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Basic rules for good pruning


Learning how to prune in the garden or in the orchard through the guide of a blog may seem difficult, however we are convinced that you will find some of our tips in this regard valuable. Let's see together the basic rules for good pruning.


First of all, a good pruning must always respect the natural shape of a plant; a well-formed plant as well as beautiful to look at also always bears many fruits.

Pruning rules, 4 useful tips
Before proceeding, it is good to evaluate what type of pruning you need to carry out, making sure that the inside of each tree has the right light and air: the sun's rays must penetrate the foliage and the air must circulate everywhere.

Do you have the right equipment? Know that you need simple tools such as scissors, shears, gloves and a ladder. In this regard, we refer you to reading the article "Pruning with the right tool"
Before proceeding with the cuts, you will need to disinfect the tools well to avoid transmitting diseases from one plant to another. How to do? Just add a cap of bleach to half a liter of water and then clean all the blades with a sponge. Once this is done, you will have to sharpen them because the cuts you are going to make must be clean and precise. Only at this point can you start pruning.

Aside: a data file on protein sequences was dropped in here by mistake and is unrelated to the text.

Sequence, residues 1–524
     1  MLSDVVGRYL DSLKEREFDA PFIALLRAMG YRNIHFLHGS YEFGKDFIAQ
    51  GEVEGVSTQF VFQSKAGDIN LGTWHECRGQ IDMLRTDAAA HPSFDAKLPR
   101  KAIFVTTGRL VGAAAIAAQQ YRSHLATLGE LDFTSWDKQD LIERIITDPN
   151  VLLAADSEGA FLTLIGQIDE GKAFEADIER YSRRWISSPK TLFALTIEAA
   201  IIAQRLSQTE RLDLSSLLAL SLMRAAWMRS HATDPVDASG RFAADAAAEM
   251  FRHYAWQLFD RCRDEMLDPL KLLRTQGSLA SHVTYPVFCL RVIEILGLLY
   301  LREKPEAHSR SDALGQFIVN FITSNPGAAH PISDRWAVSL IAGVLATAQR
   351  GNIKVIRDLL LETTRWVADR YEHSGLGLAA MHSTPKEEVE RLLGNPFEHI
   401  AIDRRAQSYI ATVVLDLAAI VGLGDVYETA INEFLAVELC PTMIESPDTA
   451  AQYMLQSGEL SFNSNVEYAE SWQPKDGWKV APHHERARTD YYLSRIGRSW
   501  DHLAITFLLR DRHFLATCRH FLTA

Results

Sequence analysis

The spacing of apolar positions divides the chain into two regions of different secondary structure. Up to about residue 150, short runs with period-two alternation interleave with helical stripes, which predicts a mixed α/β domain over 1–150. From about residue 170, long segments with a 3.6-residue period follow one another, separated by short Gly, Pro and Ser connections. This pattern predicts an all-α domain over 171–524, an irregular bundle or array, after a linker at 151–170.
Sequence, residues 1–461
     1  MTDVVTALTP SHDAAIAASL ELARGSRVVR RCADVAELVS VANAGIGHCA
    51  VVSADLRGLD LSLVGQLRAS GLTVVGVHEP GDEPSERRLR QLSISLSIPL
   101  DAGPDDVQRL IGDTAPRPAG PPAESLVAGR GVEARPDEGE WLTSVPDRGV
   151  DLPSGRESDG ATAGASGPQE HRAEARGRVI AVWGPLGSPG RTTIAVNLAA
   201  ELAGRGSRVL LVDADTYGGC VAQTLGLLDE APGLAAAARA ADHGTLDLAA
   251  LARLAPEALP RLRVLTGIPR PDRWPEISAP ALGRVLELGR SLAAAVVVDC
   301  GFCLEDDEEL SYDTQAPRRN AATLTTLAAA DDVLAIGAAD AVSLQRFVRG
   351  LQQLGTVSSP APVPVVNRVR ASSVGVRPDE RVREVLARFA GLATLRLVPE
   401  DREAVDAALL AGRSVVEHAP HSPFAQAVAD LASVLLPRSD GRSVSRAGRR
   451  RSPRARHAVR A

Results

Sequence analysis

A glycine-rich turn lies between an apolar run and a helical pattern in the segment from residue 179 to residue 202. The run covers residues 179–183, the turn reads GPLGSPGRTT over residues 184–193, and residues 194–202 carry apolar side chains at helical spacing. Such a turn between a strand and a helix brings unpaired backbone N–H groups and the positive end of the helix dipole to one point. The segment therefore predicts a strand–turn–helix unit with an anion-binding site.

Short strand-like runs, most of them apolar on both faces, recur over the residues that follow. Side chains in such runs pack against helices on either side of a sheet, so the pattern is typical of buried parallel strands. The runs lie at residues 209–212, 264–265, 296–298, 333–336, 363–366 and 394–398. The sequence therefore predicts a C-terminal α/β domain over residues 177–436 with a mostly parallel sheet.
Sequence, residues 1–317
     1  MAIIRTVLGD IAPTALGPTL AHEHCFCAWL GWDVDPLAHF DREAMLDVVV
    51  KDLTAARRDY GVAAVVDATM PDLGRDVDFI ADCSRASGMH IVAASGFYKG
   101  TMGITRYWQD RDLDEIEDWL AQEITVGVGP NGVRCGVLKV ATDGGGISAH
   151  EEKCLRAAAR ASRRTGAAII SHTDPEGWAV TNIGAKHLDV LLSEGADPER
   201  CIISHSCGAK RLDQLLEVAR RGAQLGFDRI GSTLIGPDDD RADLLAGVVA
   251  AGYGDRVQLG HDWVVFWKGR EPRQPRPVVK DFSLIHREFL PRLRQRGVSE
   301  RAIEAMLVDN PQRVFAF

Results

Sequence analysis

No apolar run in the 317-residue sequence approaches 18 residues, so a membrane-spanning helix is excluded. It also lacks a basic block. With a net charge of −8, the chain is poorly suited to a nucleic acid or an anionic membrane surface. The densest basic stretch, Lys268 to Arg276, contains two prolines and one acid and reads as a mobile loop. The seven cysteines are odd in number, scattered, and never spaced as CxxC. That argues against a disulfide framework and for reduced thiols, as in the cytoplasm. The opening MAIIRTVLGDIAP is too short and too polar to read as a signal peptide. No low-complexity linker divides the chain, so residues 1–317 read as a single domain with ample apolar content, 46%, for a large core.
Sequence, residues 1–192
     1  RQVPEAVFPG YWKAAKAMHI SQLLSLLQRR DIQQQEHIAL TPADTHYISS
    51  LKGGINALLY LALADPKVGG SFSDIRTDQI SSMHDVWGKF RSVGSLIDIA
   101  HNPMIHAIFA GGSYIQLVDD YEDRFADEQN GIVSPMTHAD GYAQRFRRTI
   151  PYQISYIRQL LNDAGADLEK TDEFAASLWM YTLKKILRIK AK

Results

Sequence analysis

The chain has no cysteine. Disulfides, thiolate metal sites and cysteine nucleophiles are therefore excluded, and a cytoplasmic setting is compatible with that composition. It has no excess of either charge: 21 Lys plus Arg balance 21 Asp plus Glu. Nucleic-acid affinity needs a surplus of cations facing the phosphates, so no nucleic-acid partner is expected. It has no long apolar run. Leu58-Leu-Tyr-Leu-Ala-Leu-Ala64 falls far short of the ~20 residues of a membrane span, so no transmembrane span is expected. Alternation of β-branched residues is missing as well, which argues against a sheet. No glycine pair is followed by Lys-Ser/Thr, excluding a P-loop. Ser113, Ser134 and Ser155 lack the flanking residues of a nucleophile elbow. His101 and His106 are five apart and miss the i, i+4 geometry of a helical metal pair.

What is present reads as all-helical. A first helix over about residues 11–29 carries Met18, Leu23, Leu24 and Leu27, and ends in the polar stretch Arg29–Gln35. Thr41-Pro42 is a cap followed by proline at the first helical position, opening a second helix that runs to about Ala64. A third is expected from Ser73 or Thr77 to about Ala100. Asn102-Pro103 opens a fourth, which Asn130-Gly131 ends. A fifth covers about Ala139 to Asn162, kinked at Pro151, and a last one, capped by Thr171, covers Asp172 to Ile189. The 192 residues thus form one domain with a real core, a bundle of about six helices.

Each tree or shrub needs special and personalized pruning, but there are 4 rules that apply to all plants

  1. Make the cut 3-4 mm above the bud, as a cut too close will dry it, while a cut too far will leave a stump that over time will dry out or rot, favoring the onset of infections
  2. The bud above which you make the cut should preferably be facing outwards: in this way the new branch will grow in that direction, avoiding unnecessary intrigues in the central part of the canopy, which instead must remain open, clean and well ventilated
  3. The cut must have an inclination parallel to the gem, to allow the water to slide off, avoiding stagnation and therefore rotting near the gem
  4. The cut must be clean and precise, for this you need to have very sharp shears: a frayed cut slows down the healing of the wound and consequently is more prone to disease.

Certainly these rules have not exhausted such an important topic, in any case they are small tips to start thinking about, before taking action. These are universal advice valid for all fruit and garden trees. Also, know that each cut will not irreparably compromise the life of your tree; at most you will have a few fewer fruits or maybe a tree a little less graceful.


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